The Shopping Carts Are Full, But Holiday Promotions Are A Slippery Slope

turkeyinashoppingcartDigital marketers spend a disproportionate amount of budget during the holiday season – but is all that cash actually generating incremental sales?

Jewelry brands spend more in Q4, roughly 60% of their annual spend, than they do in the other three quarters of the year combined, based on analysis from Nielsen. Toy brands spend around 56% of their annual budget in Q4, while video game advertising in Q4 eats up 52% of annual spend.

But the Pavlovian response to Black Friday, Cyber Monday, et al. has become such an ingrained behavior over the last decade or so that it’s arguable consumers would flock to stores and ecommerce sites without too much encouragement.

“Retailers made up a reason for people to shop and it worked,” said Deren Baker, CEO of marketing analytics company JumpShot. “The retailers keep creating deals and the hype conditions people to buy.”

It’s a strategy, however, that pays dividends – at least in the short term. Although increased traffic doesn’t always translate into healthy conversions – throwing money at volume doesn’t guarantee quality prospects – shopping cart abandonment in 2014 was down between 10% to 20% against pre-Black Friday online traffic for Amazon, Target, Macy’s and Walmart, according to JumpShot.

But the deep discounts for which the week around Thanksgiving has become known is part of a zero-sum game, with retailers on the losing side, said Randy Antin, JumpShot’s VP of marketing, who previously served as a senior marketing manager at Gap, heading up the brand’s search and affiliate business.

“Every year, retailers feel like they need to do something bigger than everyone else, and usually that means a deeper discount,” Antin said. “Some stores are going out there and offering up to 70% off, and that’s not sustainable. And consumers know that a deeper deal is coming, so they feel like they might as well wait to shop.”

The data bears that out. According to the 2014 Verizon Retail Index, last-minute shoppers aggressively courted discounts in the week before Christmas, holding out on Black Friday and Cyber Monday for even better discounts closer to mid-December. The index also noted a general propensity to shop online throughout the holiday season, regardless of the day or the deal.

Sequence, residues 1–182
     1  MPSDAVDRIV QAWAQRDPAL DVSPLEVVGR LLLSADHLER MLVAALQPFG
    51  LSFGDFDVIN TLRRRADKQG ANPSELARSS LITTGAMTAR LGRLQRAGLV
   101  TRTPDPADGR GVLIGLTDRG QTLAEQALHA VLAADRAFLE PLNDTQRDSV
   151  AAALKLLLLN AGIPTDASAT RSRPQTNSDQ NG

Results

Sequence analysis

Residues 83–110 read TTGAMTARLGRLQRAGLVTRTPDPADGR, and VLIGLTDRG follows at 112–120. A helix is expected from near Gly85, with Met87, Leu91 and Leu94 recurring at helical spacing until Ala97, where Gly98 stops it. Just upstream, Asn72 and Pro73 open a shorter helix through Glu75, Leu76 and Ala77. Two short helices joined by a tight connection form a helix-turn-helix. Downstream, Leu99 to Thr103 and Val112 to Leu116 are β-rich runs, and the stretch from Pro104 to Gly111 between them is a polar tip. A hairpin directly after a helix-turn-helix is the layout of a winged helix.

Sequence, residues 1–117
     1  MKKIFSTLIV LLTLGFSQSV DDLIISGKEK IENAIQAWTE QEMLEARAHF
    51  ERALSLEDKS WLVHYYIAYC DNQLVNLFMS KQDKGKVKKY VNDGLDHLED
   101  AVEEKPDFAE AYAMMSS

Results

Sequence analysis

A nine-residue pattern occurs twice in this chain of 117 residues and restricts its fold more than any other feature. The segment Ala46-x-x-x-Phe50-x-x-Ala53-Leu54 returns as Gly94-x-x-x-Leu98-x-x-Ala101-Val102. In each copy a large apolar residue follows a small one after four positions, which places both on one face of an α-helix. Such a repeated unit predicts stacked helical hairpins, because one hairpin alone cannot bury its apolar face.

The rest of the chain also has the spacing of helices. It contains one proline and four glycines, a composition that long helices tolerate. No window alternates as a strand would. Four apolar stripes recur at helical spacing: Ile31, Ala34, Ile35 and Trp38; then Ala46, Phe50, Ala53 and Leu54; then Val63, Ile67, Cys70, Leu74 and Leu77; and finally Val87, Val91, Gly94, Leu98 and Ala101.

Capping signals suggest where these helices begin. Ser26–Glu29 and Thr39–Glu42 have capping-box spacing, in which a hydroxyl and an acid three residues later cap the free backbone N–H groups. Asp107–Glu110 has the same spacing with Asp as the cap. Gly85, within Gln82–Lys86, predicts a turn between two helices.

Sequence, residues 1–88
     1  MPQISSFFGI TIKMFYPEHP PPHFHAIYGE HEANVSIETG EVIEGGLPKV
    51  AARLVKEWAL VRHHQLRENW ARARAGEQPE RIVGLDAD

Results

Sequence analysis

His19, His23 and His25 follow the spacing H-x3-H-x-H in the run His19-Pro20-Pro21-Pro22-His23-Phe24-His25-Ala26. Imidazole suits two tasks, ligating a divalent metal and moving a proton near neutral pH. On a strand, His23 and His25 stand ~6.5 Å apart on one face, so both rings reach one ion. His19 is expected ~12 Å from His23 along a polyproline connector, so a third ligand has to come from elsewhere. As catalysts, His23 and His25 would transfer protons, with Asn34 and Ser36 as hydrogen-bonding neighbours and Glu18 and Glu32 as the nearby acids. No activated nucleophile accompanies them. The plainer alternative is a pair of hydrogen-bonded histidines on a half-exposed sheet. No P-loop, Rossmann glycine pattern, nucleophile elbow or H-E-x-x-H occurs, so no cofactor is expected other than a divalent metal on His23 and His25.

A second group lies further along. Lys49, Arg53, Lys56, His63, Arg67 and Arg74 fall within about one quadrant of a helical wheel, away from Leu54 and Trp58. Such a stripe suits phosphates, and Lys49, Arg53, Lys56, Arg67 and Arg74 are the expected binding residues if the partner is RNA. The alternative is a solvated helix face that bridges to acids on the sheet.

Research from Cardlytics pointed to a similar trend, noting that 36% of shoppers buy the majority of their gifts at the last minute, putting pressure on retailers to extend their Black Friday deals later into the season.

But that doesn’t mean that marketers are spending to no avail during Q4. Far from it, said Ajay Kapur, CEO of mcommerce platform Moovweb, which counts Macy’s as a client.

“Retailers don’t have the luxury for that kind of thing,” Kapur said. “They have lean margin businesses and they have relatively sophisticated ways of knowing if their spend worked when it comes to specific promotions.”

It’s the rest of the year that’s touch and go, at least when it comes to how much a particular customer relationship is worth in the long term.

“Where they have zero understanding is the lifetime value of the consumer they acquired through a promotion,” said Kapur.

And that’s mainly down to logins, or the lack thereof. Amazon requires visitors to sign in before making a purchase, while newer online-only retailers like Gilt Groupe and Zulily require logging in even to browse. But retailers like Walmart, Target and others allow shoppers to check out as a guest.

“Even for retailers with a phenomenal brand like Walmart or Macy’s or Nordstrom’s which are well above the average retailer in terms of recognition, the vast majority of their transactions are guest checkouts,” Kapur said. “Either someone forgot their login or they forget that they have one or they choose not to use it.”

But regardless of the reason, it’s the difference between knowing who a customer is and simply knowing that a sale was made.

“That essentially makes it a one-time checkout,” Kapur said. “I view these types of holiday promotions as a sort of consequence of the transactional nature of most ecommerce.”

Amazon isn’t haven’t any trouble, though. Jumpshot noted that in the period between October and December 2014, Amazon’s total traffic, both mobile and desktop, and its total purchases dwarfed Macy’s, Walmart and Target combined.

While some of that is due to digital showrooming – consumers who receive a promotion directly from a brand and then head over to Amazon to comparison shop – it’s also down to ease of use, cutting down on the number of clicks or taps it takes between selecting an item and having it shipped.

“Although price is clearly a big component here – which is true whether it’s Black Friday or Christmas or just an average Wednesday in June,” said IgnitionOne CRO Jon Baron. “But, even when you’re as big as Amazon, it can come down to something as simple as the navigation to the cart.”

That said, convenience and user-friendliness are more important during the holidays.

“Users can be that much more fickle during this time of year, so the usability has to be good,” Kapur said. “If not, they’ll just go to another site that works.”

 

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